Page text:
• Data unification to build a single view of the customer: The primary function of a CDP is to collect and input data from any online and offline data sources using connectors. After the data ingestion, a CDP cleans and unifies all the data using its identity resolution capabilities.
  • Improved customer communication and targeting resulting in better business performance: Using a CDP directly translates into improved personalisation capabilities for a marketer’s website and campaigns. This clubbed with its activation capabilities helps improve the messaging for prospects across touch points, resulting in better engagement and better business performance.
  • Ease of managing data privacy and compliance requirements: CDPs also come in with in-built privacy compliance and consent management capabilities. Using these features of a CDP, marketers can easily exclude non-consenting users from their marketing campaigns and measurement efforts, making compliance easier for them.

4. CDPs vs. DMPs: Can I still use a DMP instead of a CDP?

The choice to use a Data Management Platform (DMP) or a Customer Data Platform (CDP) depends on what data a marketer plans to use and how you plan to use it.

DMPs collect and manage large, anonymized data sets of audiences – sometimes based on own users, and more often based on purchased third-party data. DMPs are used for audience build in advertising. Facebook, for example aggregates data about its vast user base, anonymizes it and sells it to advertisers, and is a great example of a DMP in action. CDPs on the other hand enables you to share your customer data across your tech stack, powering personalization across your channels.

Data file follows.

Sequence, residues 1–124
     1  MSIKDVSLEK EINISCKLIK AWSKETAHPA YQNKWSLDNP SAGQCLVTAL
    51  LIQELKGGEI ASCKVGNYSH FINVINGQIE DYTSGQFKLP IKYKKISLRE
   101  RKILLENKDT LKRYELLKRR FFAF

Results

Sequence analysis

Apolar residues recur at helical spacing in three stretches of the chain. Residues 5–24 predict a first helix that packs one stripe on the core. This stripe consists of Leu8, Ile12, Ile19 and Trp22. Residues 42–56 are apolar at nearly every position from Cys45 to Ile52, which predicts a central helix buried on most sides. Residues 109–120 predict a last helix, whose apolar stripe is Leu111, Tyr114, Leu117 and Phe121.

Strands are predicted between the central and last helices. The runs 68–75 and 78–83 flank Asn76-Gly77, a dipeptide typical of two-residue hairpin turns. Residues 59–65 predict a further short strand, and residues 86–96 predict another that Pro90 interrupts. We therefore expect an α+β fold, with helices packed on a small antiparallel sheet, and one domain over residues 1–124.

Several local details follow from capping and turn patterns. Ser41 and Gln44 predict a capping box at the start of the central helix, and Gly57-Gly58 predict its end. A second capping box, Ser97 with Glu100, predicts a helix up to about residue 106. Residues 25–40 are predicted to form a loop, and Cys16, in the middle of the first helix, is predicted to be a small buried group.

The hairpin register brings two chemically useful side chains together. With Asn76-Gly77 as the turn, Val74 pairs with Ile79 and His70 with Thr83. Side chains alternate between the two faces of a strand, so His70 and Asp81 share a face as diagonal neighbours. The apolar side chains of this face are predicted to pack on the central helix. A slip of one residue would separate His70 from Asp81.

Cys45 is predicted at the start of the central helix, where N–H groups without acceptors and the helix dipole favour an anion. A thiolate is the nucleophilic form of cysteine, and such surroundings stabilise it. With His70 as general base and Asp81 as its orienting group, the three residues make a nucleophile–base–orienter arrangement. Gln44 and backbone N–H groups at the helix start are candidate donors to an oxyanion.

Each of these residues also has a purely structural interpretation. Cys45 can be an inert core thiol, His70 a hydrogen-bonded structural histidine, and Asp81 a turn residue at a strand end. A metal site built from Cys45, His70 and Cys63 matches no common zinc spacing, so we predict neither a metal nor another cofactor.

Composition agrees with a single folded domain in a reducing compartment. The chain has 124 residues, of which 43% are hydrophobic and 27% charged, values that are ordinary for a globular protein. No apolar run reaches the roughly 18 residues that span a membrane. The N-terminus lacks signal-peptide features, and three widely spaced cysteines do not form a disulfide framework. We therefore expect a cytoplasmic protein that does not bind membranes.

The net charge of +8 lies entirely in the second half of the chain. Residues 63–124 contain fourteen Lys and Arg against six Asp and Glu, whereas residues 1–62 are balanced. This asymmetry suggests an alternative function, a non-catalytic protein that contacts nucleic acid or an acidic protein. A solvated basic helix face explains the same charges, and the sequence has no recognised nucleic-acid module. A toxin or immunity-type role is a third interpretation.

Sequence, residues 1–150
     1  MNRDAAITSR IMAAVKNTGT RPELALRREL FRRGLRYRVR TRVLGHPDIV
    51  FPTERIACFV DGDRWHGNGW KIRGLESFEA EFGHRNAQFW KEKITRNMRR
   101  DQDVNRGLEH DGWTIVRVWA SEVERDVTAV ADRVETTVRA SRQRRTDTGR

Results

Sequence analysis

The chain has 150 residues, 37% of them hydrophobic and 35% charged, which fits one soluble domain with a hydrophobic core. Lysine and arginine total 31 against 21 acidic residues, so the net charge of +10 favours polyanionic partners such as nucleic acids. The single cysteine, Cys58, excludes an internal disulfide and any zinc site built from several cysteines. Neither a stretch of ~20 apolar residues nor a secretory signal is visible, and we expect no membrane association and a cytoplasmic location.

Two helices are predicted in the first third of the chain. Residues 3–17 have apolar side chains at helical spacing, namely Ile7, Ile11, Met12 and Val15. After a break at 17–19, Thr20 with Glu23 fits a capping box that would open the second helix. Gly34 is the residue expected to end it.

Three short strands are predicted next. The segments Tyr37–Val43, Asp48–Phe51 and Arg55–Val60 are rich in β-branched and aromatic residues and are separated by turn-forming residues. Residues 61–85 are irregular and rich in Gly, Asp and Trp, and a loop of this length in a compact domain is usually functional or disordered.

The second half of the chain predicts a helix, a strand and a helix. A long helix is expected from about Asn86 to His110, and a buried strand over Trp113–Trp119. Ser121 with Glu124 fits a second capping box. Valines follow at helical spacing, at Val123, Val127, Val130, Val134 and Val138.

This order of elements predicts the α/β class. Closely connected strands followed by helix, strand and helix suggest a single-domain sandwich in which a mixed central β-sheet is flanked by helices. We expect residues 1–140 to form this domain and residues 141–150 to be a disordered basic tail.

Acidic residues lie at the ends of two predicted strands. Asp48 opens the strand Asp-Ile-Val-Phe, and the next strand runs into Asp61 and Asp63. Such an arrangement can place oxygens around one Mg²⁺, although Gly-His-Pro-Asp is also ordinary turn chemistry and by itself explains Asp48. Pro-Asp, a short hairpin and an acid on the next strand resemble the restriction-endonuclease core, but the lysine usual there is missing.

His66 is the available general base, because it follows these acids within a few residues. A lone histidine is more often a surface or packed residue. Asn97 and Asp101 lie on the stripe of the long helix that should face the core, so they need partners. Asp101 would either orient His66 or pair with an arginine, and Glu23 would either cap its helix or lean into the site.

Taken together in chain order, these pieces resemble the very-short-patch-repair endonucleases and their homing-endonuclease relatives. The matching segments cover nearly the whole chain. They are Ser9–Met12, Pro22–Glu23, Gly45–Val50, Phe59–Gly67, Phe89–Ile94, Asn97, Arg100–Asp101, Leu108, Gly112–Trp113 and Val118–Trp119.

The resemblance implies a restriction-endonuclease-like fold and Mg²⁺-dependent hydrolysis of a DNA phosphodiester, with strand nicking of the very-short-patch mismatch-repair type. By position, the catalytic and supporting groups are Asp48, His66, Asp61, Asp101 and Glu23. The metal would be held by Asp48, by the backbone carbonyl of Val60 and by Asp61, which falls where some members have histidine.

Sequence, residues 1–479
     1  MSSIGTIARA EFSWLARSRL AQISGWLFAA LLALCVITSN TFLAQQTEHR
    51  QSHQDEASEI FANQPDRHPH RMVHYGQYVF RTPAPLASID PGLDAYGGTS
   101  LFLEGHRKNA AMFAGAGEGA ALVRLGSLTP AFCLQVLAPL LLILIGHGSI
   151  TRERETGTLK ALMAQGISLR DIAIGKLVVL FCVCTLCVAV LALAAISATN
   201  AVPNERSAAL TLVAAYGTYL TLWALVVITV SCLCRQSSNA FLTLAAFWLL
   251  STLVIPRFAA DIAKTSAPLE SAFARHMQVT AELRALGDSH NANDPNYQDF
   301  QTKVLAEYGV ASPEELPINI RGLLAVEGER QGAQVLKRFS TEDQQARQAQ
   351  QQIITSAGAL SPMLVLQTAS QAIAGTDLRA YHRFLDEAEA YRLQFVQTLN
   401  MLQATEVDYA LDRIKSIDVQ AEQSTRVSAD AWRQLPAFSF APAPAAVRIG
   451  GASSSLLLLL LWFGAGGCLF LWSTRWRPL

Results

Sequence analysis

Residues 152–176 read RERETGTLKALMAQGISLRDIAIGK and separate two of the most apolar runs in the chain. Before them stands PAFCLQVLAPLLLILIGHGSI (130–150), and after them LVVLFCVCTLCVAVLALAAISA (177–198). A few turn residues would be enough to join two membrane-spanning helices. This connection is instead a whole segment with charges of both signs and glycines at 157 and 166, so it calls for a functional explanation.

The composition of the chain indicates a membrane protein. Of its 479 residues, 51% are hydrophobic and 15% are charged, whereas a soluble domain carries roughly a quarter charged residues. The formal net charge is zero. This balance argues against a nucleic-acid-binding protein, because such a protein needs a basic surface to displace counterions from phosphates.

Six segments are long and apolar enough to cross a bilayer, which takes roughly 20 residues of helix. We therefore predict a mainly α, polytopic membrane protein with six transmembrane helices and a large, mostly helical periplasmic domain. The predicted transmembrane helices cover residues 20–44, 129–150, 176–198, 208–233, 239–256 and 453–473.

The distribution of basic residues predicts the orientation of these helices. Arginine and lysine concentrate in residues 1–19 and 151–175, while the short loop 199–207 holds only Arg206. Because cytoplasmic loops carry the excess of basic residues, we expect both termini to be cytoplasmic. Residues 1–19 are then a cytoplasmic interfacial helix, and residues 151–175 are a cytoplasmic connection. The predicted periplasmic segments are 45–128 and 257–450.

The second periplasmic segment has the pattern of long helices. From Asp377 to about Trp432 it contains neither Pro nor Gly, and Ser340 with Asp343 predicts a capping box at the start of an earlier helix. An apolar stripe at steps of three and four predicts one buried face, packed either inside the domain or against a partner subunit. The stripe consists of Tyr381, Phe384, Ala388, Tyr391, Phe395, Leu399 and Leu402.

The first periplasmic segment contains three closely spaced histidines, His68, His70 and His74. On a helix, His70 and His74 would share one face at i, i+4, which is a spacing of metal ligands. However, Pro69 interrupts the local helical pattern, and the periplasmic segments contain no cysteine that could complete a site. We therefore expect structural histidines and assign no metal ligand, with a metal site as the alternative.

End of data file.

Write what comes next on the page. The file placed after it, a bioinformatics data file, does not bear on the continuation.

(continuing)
Let’s take a closer look at both below:

  • DMPs are cookie-reliant and can’t store PII (Personally Identifiable Information): By the nature of their build, DMPs are cookie based and do not enable ingestion of any PII data. This gives CDPs an edge over DMPs, as marketers can ingest data in a CDP from any source and it supports all types of PII and non-cookie-based data.
  • DMPs can’t unify profiles or help differentiate customers: DMPs club users or cookies based on their traits and enable marketers to create rule-based segments for activation, while CDPs unify the profile of each user separately using its capabilities, helping marketers differentiate its customers.